A sector historically known for income delivers turbocharged returns.
The sizzling returns of utility funds tell you that this traditionally low-key source of dividends now generates serious growth. Forces of supply and demand, which make power plants and gas pipelines more valuable, should prolong the electrifying performance.
New money will keep flowing into utilities as the economy expands and companies address the national shortage of pipelines and power plants. "There is a huge amount of catch-up investments being made, and that's leading to substantial earnings growth for utilities," says Robert Becker, manager of Cohen & Steers Utility fund. Mergers are also boosting returns. The numbers are remarkable. Over the past year to May 14, the average utility fund gained 32%. Over the past three years, the average annualized gain was 24%. Meanwhile, most utility funds' dividend yields are about 2%.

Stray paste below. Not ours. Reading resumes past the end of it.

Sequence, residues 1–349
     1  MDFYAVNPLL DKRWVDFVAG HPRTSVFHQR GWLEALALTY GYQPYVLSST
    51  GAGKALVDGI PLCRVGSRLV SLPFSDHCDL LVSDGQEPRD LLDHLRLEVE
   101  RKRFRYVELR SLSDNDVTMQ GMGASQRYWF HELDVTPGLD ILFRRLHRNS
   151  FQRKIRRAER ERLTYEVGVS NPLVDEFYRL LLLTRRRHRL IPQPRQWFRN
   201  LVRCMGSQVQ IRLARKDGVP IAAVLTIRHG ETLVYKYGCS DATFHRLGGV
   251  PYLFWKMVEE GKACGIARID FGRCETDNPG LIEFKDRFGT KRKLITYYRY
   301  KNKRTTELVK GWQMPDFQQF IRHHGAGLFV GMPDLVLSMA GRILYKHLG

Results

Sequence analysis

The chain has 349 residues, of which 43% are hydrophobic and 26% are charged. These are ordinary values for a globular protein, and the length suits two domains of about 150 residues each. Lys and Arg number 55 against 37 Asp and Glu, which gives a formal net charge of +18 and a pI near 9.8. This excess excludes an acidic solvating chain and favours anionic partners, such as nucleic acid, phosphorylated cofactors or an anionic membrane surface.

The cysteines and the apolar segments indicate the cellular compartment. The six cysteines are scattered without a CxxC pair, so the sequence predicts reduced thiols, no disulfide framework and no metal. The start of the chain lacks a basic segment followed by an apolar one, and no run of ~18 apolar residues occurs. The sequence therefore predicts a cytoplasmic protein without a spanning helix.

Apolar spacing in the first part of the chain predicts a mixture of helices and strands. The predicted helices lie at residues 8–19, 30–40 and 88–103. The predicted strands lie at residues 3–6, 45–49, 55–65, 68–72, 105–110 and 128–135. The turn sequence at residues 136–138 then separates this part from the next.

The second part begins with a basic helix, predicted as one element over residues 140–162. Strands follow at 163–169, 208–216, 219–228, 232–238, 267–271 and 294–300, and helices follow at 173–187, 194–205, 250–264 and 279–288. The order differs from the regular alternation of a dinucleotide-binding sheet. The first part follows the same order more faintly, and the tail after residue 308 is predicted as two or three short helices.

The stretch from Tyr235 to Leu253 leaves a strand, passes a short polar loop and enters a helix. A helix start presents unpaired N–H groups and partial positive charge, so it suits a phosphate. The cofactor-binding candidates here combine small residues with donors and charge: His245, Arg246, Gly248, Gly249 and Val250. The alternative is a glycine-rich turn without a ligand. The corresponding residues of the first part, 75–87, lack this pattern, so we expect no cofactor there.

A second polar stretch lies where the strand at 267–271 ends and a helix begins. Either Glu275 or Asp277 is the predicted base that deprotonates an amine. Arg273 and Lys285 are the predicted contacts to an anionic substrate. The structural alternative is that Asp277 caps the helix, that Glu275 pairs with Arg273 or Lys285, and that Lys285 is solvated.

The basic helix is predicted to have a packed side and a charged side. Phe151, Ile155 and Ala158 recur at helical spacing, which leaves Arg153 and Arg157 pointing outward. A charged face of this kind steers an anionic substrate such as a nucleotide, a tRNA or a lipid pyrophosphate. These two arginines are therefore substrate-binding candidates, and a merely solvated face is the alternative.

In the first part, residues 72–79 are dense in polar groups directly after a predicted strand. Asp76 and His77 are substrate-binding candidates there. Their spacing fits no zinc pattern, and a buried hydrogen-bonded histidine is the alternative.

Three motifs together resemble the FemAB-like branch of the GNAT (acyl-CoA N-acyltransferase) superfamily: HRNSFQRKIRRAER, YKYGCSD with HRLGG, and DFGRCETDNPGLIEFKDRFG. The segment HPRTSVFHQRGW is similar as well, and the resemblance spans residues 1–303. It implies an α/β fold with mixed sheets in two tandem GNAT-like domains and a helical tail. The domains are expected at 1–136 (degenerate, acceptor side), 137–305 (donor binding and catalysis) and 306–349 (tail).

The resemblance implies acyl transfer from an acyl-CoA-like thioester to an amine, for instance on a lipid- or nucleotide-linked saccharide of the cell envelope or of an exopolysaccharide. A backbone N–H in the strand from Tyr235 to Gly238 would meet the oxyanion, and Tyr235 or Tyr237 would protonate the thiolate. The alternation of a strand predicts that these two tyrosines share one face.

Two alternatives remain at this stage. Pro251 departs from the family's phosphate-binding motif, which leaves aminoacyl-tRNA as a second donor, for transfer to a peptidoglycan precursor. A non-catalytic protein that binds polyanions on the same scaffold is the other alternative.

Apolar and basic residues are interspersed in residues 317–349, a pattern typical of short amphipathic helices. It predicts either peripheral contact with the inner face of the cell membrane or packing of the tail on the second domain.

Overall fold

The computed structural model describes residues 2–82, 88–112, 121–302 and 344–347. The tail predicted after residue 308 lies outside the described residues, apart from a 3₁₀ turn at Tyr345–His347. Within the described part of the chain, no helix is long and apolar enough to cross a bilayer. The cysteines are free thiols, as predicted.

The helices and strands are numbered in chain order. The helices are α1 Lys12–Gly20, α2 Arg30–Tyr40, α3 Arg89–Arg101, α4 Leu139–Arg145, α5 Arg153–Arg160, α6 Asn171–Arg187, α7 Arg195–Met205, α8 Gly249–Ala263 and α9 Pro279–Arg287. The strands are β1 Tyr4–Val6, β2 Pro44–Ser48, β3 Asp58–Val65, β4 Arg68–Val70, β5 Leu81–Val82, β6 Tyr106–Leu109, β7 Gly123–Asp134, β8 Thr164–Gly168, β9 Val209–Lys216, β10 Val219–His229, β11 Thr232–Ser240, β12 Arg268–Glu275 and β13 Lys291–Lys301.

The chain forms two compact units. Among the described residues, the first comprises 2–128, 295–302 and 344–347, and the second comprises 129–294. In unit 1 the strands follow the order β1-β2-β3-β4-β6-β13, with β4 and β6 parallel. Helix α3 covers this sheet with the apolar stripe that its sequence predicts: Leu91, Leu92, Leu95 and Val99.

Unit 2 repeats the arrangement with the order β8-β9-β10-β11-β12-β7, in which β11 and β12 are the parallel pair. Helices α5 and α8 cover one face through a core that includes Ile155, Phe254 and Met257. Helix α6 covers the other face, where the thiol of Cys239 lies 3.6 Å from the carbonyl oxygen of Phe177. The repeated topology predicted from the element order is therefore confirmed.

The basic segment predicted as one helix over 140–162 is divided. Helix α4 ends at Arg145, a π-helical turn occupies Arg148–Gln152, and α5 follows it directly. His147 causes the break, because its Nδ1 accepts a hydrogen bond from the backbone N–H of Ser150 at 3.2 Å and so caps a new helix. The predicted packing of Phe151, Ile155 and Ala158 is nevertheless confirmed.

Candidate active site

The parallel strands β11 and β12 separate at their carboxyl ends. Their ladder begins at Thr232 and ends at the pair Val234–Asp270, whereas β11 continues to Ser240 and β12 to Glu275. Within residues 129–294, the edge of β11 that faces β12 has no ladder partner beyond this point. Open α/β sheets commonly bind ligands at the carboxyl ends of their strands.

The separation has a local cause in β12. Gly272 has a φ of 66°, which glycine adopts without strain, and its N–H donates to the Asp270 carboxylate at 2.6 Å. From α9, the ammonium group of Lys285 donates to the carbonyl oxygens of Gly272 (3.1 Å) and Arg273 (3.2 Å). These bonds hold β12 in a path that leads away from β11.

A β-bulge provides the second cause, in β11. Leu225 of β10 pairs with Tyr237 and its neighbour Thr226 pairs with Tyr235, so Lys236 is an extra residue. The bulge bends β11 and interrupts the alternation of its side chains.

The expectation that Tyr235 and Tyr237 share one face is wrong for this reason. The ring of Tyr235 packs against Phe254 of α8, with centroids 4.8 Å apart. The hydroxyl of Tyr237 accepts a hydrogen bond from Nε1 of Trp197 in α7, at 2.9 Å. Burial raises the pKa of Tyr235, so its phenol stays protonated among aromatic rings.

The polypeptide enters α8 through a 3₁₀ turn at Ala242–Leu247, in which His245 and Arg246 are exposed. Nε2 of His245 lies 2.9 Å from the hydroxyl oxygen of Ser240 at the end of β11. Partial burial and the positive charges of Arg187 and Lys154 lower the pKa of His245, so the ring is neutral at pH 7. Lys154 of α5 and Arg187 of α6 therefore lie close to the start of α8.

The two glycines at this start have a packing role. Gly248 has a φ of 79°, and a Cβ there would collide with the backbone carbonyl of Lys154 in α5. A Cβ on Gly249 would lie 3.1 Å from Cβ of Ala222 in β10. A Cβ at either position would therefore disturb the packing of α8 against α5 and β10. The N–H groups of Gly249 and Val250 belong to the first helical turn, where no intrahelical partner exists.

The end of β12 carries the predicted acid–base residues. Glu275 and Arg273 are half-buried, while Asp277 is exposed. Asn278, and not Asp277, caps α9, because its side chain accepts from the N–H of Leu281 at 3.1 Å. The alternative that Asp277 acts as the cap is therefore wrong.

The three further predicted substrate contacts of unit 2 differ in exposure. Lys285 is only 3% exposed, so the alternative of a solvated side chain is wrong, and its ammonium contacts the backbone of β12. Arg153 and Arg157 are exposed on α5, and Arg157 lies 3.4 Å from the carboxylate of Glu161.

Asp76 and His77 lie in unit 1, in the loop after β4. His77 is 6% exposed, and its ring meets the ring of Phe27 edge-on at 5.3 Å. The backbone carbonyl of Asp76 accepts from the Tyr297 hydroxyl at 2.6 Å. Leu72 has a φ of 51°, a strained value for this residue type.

How much juice is left in the sector? The typical electric utility now has a price-earnings ratio about equal to that of Standard & Poor's 500-stock index. Utility P/Es used to be lower than that of the SP 500, but that was when utilities were simple income stocks. Now that the industry is engaged in massive construction of new infrastructure, the case for growth is strong, says Becker. "Whether they'll continue at the same pace is tough to say, but utilities are still well positioned." Cohen & Steers expects the industry's earnings to grow 11% in 2007.